What are Ugandans’ endearing national interests?

It is not every day that you can here Ugandans say nice things about Uganda. Despite the dark times and the harsh memories, everybody seeks that hope to wake up with each day. And on several occasions, the same Ugandans in the country and in the diaspora has helped people believe in that hope, and in happiness, humanity and pride.

Kampala, Uganda | By Maj. Gen. Pecos Kuteesa | Every social organization, nation or state ought to have some well-defined interests that bind the members of that society together. They should cut across all individual and sectarian interests.

Those national or social interests are well entrenched in the psyche of the individual members of that organization.

I have studied the Uganda Constitution, the Vision 2020 and many other publications but I have failed to get that underlining glue that holds Uganda as a society.

Most of the ideas exposed are general and may be academic – not easily understood by the common man.

At the moment we are working on the defence review of the UPDF which should be of interest for every Ugandan.

However, my observation is that not many people are interested or aware of what the review may come up with.

This has led me to ask myself, do Ugandans have a shared interest in the activities or intentions of their army? I beg to be advised here.

Why I am raising this issue is what British Army Officer told us during our discussion. He told us: The Briton as a nation are a nation of traders and London, the capital of Britain, is just a huge market place.

People of all walks of life and nationalities put up stalls, sell their wares, transact their businesses and go on.

However, since Britain is an island, the British people used their marine/naval masterly of the sea to open up their trade routes, hence any threat to British trade interest is a national threat where every Briton is expected to defend without question.

Then this officer posed a question to us Ugandans. What are you?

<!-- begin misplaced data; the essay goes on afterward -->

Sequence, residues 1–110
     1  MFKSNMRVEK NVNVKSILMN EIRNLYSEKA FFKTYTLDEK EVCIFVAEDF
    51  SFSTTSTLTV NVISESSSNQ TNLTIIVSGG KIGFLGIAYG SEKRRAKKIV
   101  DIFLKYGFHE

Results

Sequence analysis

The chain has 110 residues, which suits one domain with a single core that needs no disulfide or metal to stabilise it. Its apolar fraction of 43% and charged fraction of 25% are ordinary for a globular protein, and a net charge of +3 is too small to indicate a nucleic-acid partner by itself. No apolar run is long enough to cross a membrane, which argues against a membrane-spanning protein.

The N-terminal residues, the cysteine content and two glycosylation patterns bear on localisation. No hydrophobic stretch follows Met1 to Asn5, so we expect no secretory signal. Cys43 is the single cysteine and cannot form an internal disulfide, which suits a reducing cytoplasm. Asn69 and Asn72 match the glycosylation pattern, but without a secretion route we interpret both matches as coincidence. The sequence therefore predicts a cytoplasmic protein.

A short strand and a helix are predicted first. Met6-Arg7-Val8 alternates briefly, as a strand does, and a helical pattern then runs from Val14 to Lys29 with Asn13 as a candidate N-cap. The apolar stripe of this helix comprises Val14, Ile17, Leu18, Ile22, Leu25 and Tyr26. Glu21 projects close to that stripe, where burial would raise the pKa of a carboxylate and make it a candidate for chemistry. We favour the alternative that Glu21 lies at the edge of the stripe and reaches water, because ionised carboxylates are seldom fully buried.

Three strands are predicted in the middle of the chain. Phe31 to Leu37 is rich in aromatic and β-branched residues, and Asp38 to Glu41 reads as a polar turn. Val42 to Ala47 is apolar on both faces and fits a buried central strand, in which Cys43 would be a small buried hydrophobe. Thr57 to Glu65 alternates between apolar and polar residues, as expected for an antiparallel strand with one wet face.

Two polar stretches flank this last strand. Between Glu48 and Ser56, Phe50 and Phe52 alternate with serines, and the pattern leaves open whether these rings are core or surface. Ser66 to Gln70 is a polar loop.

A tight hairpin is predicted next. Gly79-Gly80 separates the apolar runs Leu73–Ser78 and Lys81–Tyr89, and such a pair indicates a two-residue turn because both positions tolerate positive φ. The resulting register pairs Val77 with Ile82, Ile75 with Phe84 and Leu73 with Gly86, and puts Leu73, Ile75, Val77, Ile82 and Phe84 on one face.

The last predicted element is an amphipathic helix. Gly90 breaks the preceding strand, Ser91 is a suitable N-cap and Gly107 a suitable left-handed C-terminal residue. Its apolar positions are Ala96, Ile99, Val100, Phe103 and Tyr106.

This question has had me troubled for a long time. I have interacted with influential members of our society and asked them one simple question, what are we? No body has given me a satisfactory answer.

The aim of this article is to raise debate. Can people from across political divides tell us what we are and where we draw the line in the sand and say, “Yes, this is our national interest anybody else hands off?”

If our national interests were well articulated and accepted as the factual norm then and only then will we have a national defence, education or any other system.

The above thoughts led me to question why are national armies in third world countries tagged to the leader currently in power.

In Uganda’s case, we have had five heads of state and the defence forces at any given time have been known as the head of state’s army.

Hence from KAR, which belonged to King George of England, to the first Uganda Army which was dubbed Obote I, or the Amin army to the UNLA which was dubbed Obote or Acholi Army to the current Uganda People’s Defense Forces (UPDF) which people shamelessly call a Museveni Army. This is erroneous and dangerous.

I have observed that whenever the superpowers who form the UN want a regime change in any state or nation, the first target is the army of that nation/state.

It starts with the Liberian Army and soon it becomes Gadaffi’s Army. The Iraq Army became Saddam Hussein’s Army. Our neighbor Sudan’s Army is already identified as Bashir’s Army.

The Syrian Army is now Assad’s Army. I do not want to branded a paranoid or someone who espouses conspiracy theories. That is why I need my readers’ views.

But it seems a trend that most failed states have something to do with oil or other natural resources.

As I write this article, I have a book in front of me called “Failed States.” It is interesting reading on how these states, after failing to agree with the super powers, immediately acquire a strong violent opposition that easily becomes recognized as a legitimate force ready to take over the leadership of the former “failed state.”

My concern is where does the army draw the line and say these are core national issues, so please concerned Godfathers do not interfere.

Which raises the question, “Are third world armies national armies or personal armies of the heads of state?” When an army is perceived as a personal army then it is easy to disorganize, because whoever does not wish that nation well achieves a strategic victory of a divided nation.

How can we avoid that? It is if we spell out our core national interests, which cut across all sorts of divides.

It is incumbent on us all who belong to this geographical area known as Uganda to come up with those values.

Then the work of the army will be well spelled out and will not be easy to disorganize. I beg to be advised.